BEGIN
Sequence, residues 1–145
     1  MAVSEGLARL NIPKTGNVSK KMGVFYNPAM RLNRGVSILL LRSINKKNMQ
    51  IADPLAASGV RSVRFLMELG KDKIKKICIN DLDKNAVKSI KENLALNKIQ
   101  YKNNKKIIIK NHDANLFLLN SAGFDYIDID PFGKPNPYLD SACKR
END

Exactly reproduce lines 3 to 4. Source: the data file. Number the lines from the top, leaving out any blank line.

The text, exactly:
    51  IADPLAASGV RSVRFLMELG KDKIKKICIN DLDKNAVKSI KENLALNKIQ
   101  YKNNKKIIIK NHDANLFLLN SAGFDYIDID PFGKPNPYLD SACKR